After drawing an X-Spline or a Bezier, you'll need to edit it for each keyframe. So here we'll see how to edit a spline. I'm going to use the Z key to zoom-in and the X key to pan over. By the way, I've included this little keyboard shortcut PDF file in your Lesson_01_Media folder. It's a list of the most common shortcuts we'll be using in these lessons and there is a longer list in the manual. I recommend you print this out and have a copy beside your keyboard. So we'll put this away.
First, let's take a look at how to select points. First we have to select the spline itself. Now we can click on a point and it'll light up. Once it's selected (let me get a little closer for you here) Once it's selected, you see that little plus sign (+). You can then move that point. I'll undo that. Holding down the Command or Ctrl key will allow you to pick several points. I'll click to the side to deselect. We can also draw a marquee around several points. If you selected more points than you want, you can deselect some by doing a Command+Click on the selected ones to turn them off.
You can also type Command+A or Ctrl+ A which will get you all the control points in the spline. However many points are selected, this little cursor will move them all together. I'll undo that. So the workflow can be -- we'll move the playhead to the next frame we want to draw on and select all of the points with a Ctrl+A or draw a marquee around them all, and then we can just drag them over to the new location. Then we can fine-tune their positions for each frame.
There are also some Transform Tools up here in the top menu bar that will help speed things along. Let's go to another frame and without selecting any points we can select the Translate Tool. Now this is intended to translate the entire spline. So we can then click-and-drag and move the spline over here. No points were selected. Here's the Rotate Tool. Wherever you click, move off to the side. You can then perform a rotation. I'll undo that. And here is the Scale Tool. Same drill-- wherever you click becomes the center of the operation.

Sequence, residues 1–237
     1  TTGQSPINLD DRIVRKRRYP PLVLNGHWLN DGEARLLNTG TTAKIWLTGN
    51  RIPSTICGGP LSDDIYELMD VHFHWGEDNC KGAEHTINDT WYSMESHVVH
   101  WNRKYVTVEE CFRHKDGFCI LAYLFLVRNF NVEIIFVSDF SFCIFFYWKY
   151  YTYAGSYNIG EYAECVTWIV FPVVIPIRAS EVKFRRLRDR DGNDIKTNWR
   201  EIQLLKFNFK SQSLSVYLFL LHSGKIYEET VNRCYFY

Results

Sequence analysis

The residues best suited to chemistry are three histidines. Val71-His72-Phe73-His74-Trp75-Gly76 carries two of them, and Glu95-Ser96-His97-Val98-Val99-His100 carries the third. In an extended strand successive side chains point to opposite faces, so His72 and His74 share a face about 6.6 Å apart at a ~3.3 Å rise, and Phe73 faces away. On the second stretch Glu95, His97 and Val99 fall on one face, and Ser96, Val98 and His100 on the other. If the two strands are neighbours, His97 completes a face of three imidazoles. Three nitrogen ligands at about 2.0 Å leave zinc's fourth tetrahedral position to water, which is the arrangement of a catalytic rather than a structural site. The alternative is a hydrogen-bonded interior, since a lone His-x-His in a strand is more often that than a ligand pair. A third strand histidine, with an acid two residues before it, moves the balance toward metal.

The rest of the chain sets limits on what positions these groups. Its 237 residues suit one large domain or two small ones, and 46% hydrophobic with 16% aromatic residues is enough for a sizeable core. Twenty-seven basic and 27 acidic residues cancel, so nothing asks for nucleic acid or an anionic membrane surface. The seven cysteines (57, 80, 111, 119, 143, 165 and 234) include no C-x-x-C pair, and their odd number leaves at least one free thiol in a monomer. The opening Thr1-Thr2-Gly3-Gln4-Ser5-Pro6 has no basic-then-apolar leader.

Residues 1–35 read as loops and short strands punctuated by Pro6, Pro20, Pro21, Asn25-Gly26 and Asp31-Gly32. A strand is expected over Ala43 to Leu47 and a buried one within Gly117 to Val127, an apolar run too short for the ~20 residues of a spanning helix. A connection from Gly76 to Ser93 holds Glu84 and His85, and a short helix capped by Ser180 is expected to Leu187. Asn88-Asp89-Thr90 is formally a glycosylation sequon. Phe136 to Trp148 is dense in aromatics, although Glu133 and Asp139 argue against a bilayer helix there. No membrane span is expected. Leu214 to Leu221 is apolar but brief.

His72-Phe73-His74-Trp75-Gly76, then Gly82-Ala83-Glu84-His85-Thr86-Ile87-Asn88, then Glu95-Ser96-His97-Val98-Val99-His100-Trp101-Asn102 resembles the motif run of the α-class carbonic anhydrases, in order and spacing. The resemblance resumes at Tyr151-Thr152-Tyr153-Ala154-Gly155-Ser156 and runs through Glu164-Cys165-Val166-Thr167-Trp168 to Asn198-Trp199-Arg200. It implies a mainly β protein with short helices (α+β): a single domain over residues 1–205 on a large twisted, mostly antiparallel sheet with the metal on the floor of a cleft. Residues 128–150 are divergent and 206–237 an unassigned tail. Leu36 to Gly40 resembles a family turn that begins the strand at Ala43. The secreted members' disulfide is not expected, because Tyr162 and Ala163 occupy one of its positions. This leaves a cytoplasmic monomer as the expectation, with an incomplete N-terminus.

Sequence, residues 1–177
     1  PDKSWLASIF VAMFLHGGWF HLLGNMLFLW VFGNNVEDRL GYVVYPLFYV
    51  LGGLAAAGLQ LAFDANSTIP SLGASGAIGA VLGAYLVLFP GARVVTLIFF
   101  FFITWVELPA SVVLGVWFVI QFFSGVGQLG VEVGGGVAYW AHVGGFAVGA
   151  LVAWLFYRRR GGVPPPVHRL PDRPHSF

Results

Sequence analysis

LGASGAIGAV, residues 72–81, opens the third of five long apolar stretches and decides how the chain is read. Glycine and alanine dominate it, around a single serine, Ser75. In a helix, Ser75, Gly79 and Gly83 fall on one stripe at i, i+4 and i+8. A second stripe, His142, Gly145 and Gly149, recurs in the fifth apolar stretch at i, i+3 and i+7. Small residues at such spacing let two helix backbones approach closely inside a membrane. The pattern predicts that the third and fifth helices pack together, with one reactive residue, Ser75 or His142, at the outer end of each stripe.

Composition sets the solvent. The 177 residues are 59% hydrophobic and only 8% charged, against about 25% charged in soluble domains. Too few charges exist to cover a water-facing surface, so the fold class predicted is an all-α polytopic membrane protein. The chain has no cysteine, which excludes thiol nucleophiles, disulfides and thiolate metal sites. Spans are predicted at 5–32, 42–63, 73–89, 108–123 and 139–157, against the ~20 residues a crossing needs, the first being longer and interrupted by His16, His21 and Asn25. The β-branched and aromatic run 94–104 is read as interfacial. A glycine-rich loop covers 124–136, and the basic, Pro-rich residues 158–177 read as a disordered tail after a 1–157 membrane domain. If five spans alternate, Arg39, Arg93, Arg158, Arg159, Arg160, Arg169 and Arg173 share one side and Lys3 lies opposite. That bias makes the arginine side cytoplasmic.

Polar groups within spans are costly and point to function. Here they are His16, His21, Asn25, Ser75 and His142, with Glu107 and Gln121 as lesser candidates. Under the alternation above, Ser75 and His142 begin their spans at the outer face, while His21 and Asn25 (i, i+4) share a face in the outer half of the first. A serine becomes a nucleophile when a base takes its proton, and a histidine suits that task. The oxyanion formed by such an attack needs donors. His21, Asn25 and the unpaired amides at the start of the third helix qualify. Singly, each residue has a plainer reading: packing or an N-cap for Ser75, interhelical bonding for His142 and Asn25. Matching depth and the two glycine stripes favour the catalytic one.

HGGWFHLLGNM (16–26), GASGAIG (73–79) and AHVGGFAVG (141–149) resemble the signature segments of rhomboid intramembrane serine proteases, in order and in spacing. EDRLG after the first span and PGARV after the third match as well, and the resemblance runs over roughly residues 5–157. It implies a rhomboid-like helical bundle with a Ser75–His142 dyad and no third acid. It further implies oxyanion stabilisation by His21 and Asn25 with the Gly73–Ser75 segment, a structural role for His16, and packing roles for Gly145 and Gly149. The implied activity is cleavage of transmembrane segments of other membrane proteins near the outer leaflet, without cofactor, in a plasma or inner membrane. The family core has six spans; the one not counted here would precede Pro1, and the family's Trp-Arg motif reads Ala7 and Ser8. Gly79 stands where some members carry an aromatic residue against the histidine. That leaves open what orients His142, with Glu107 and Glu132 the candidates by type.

I'll undo that. You'll notice that after using the tool we still have the tool's cursor. So if I select another tool I have that cursor and if I select another tool I have that cursor, but I don't have a Selection Tool. If I want the Selection Tool I'll have to go over here and select the Selection Tool. So when you select the tools off the top menu bar, the tool stays latched until you change it. However, if you use the keyboard shortcuts, they are transient; they only stay on as long as you hold down the key. For example, I'll hold down the Q key which gives me the Translate Tool and now I can translate it and as soon as I let go of the Q key the tool is gone.
If I hold down the W key, click, rotate, the minute I let go it goes back to the Selection Tool. I'll undo that, and of course the same thing for the Scale Tool. So you'll find the keyboard shortcuts not only faster, but more convenient. I want to call your attention to the cursor. Right now the cursor is for the Selection Tool. When I put it on a point, you see how the cursor becomes a plus sign (+) with arrowheads? However, when you use the Translate Tool the cursor becomes an X with little arrowheads.
So keep in mind the two different shapes of those cursors so you'll always know what tool you've got. By the way, there's a quick key of course if you look on your shortcuts. You can do a Command+F or Ctrl+F to get back to the Selection Tool without having to go up here and click on it in the menu bar. Now that we can edit our splines for keyframes we can take a look at the keyframing tools.
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